Low Carbon Communities Challenge
The Challenge was launched in autumn 2009, for communities taking action, or facing change, as a result of climate change.
Four communities in Wales were selected as winners in the Low Carbon Communities Challenge.
Lammas Low Impact Initiative
The Lammas project will become a blueprint for sustainable living by building an eco-village in 76 acres of mixed pasture and woodland near the village of Glandwr in North Pembrokeshire. A ‘community hub’ building will act as a centre for the research, education and promotion of low-impact development and sustainability. The building will also form a centrepiece to a new-build project of 9 eco-smallholdings in the Preseli Hills. Lammas also pioneer alternative farming and land-use technologies, and carbon-positive food, fuel and craft production. For more information on the eco-village and to watch videos on their progress, please visit their website.
Awel Aman Tawe: Egni (Energy) Project
Their project involves the development of a 4MW (Megawatt) community wind farm on Mynydd y Gwrhyd in the Upper Amman and Swansea Valley to establish low carbon communities through a programme of behaviour change in 12 villages throughout the area. This project also incorporates:
- zero carbon community regeneration;
- ongoing measurement of carbon reduction impacts; and
- longer term interventions to encourage community action on sustainable transport, local food, household energy and micro generation funded by profit from the wind farm.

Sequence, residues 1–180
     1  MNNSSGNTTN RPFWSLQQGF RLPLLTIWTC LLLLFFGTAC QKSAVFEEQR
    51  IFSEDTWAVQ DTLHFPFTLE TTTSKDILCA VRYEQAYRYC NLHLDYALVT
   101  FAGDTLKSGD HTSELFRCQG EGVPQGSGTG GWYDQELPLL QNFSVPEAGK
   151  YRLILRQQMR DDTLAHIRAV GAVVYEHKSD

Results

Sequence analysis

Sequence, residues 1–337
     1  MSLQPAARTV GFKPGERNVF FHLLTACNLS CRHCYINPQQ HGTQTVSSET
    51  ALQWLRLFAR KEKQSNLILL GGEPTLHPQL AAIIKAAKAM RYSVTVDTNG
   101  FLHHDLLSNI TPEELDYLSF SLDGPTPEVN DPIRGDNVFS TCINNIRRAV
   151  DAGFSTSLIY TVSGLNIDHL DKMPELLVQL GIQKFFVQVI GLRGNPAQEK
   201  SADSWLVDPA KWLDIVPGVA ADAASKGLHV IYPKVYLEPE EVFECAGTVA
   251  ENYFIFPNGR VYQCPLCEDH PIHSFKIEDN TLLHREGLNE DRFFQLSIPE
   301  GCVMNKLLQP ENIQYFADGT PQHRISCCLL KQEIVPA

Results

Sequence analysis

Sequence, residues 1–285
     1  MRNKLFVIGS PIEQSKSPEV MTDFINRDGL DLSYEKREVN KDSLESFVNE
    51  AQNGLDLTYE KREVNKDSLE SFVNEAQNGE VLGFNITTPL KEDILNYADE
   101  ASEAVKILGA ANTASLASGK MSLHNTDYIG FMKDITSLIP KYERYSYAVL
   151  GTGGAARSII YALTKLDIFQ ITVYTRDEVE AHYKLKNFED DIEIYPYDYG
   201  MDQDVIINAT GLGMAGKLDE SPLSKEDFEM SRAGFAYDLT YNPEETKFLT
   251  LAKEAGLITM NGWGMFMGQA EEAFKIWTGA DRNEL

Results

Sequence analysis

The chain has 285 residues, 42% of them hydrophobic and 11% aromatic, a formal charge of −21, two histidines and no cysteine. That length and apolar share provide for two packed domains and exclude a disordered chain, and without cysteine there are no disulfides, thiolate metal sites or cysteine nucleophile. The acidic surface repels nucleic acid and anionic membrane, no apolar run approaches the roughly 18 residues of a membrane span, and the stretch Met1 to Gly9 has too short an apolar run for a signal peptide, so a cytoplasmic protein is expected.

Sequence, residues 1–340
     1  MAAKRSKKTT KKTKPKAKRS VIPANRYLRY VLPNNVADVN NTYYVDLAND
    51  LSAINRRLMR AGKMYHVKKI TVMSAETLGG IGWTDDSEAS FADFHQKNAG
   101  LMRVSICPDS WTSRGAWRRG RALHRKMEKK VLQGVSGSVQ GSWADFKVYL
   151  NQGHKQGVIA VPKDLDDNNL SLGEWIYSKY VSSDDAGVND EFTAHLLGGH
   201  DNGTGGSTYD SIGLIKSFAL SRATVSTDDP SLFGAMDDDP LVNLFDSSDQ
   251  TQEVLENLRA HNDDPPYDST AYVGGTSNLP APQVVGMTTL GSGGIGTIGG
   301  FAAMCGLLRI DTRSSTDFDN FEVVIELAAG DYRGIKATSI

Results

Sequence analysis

To find out more visit their website.
In Cwmclydach, they are developing a project to purchase and install two micro hydro turbines. The purchase and installation of the turbines will generate an income to support the development of a ‘low carbon zone’ approach, with a range of community events and activities taking place involving local organisations, businesses, schools and colleges.
The Cwm Arian project is in the rural North East of Pembrokeshire and is near to the community of Lammas. This project will purchase and install two 1.2MW wind turbines to be owned by the community. They will generate income for further energy saving measures. The turbines would have a useful life of approximately 15 years. The plan is to introduce new domestic renewables and other current technologies to reach a Zero Carbon Community within a 15 year deadline.
Other low carbon communities
More information about the different ways communities have explored reducing their carbon footprint can be found on the Living in the Future website.
For further information please visit the website of the UK Department for Energy and Climate Change.
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